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A word is grouped if, for each letter in the word, all occurrences of that letter form exactly one consecutive sequence. In other words, no two equal letters are separated by one or more letters that are different.

Given a vector<string> return the number of grouped words.

For example :

{"ab", "aa", "aca", "ba", "bb"}

return 4.

Here, "aca" is not a grouped word.

My quick and dirty solution :

int howMany(vector <string> words) {
  int ans = 0;
  for (int i = 0; i < words.size(); i++) {
       bool grouped = true;
  for (int j = 0; j < words[i].size()-1; j++)
      if (words[i][j] != words[i][j+1])
         for (int k = j+1; k < words[i].size(); k++)
           if (words[i][j] == words[i][k])
              grouped = false;
           if (grouped) ans++;
       }
   return ans;
 }

I want a better algorithm for the same problem.

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@ Justin & R Samuel Klatchko : OOPs typo !Fixed. –  whacko__Cracko Feb 11 '10 at 19:59
    
One easy thing that could really speed up your algorithm is putting in a break after grouped = false; You would also need to check if grouped is false and break again to get out of the outer loop which adds a little overhead. However, this would stop checking if a word is grouped right when it is found to not be grouped which could really speed it up. –  Justin Peel Feb 11 '10 at 20:14
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7 Answers

up vote 1 down vote accepted

Just considering one word, here is an O(n log n) destructive algorithm:

std::string::iterator unq_end = std::unique( word.begin(), word.end() );
std::sort( word.begin(), unq_end );
return std::unique( word.begin(), unq_end ) == unq_end;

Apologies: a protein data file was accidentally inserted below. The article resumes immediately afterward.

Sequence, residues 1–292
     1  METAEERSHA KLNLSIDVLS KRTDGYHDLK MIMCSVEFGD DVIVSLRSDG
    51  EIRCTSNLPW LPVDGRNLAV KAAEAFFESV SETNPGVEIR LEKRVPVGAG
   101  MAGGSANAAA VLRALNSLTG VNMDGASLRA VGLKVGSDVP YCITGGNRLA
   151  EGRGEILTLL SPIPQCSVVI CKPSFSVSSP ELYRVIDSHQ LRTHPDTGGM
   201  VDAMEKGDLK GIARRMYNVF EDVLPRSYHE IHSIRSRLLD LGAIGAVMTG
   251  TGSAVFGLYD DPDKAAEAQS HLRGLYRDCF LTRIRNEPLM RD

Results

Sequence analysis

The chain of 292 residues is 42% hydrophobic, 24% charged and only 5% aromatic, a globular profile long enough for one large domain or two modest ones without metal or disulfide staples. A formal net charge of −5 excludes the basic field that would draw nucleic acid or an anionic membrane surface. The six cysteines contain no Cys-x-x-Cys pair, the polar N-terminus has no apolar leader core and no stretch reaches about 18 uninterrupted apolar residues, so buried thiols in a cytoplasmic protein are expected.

Edit: The first call to unique reduces runs of consecutive letters to single letters. The call to sort groups identical letters together. The second call to unique checks whether sort formed any new groups of consecutive letters. If it did, then the word must not be grouped.

Advantage over the others posted is that it doesn't require storage — although that's not much of an advantage.

Here's a simple version of the alternative algo, also requiring only O(1) storage (and yes, also tested):

if ( word.empty() ) return true;
bitset<CHAR_MAX+1> symbols;
for ( string::const_iterator it = word.begin() + 1; it != word.end(); ++ it ) {
    if ( it[0] == it[-1] ) continue;
    if ( symbols[ it[0] ] ) return false;
    symbols[ it[-1] ] = true;
}
return ! symbols[ * word.rbegin() ];

Note that you would need minor modifications to work with characters outside ASCII. bitset comes from the header <bitset>.

share|improve this answer
    
That will not work.Did you checked ? –  whacko__Cracko Feb 11 '10 at 20:06
    
Yes, I just did and it does work. What is the problem with it? –  Potatoswatter Feb 11 '10 at 20:11
    
I considered word as vector<string> –  whacko__Cracko Feb 11 '10 at 20:15
    
No, this is only for one word, so word is a string –  Justin Peel Feb 11 '10 at 20:17
    
Lovely, I like your solution :) –  whacko__Cracko Feb 11 '10 at 20:20
show 5 more comments

Try the following :

bool isGrouped( string const& str )
{
  set<char> foundCharacters;
  char currentCharacter='\0';

  for( int i = 0 ; i < str.size() ; ++i )
  {
    char c = str[i];
    if( c != currentCharacter )
    {
      if( foundCharacters.insert(c).second )
      {
        currentCharacter = c;
      }
      else
      {
        return false;
      }
    }
  }
  return true;
}
share|improve this answer
    
@ Benoît : Nice one ! –  whacko__Cracko Feb 11 '10 at 20:17
    
+1. Just my 2 cents: you're looking up each character twice (one in find and another one in insert). There's an overload of insert that can be used to avoid that (the overload that returns a pair<iterator,bool> –  Manuel Feb 11 '10 at 20:23
    
@Manuel : thanks for the tip. I updated my answer to use insert efficiently. –  Benoît Feb 11 '10 at 20:43
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You could use a Set of some kind (preferable one with O(1) insertion and lookup times).